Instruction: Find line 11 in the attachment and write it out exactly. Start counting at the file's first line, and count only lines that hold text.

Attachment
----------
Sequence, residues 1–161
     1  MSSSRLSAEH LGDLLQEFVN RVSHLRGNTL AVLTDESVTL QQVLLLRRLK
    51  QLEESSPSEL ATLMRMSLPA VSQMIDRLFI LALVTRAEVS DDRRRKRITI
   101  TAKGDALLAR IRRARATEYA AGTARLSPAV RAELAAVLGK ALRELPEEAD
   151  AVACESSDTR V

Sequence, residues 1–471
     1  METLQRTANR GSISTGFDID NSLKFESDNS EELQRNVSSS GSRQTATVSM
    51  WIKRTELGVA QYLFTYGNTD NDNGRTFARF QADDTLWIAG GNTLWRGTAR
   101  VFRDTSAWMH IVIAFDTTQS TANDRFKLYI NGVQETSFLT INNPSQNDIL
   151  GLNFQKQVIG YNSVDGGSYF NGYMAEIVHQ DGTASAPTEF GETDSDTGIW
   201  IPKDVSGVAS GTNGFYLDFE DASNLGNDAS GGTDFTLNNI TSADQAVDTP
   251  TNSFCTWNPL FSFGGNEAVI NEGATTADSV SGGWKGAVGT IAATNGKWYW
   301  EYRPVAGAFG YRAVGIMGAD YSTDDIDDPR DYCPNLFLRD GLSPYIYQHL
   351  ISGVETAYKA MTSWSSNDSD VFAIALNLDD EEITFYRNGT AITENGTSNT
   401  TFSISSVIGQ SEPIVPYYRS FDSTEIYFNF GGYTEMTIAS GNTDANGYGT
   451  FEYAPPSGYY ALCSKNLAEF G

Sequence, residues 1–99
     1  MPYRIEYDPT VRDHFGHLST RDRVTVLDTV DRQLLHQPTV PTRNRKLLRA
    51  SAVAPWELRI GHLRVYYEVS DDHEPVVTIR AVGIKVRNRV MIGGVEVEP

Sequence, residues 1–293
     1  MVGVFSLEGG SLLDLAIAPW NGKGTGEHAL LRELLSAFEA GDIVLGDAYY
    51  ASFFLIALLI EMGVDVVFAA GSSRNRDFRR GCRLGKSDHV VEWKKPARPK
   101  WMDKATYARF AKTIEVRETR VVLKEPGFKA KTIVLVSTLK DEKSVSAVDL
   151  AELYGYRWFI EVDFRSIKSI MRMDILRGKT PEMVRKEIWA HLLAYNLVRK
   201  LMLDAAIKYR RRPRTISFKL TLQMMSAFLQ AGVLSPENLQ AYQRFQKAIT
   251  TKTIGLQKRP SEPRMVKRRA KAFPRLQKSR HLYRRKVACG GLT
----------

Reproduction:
   201  IPKDVSGVAS GTNGFYLDFE DASNLGNDAS GGTDFTLNNI TSADQAVDTP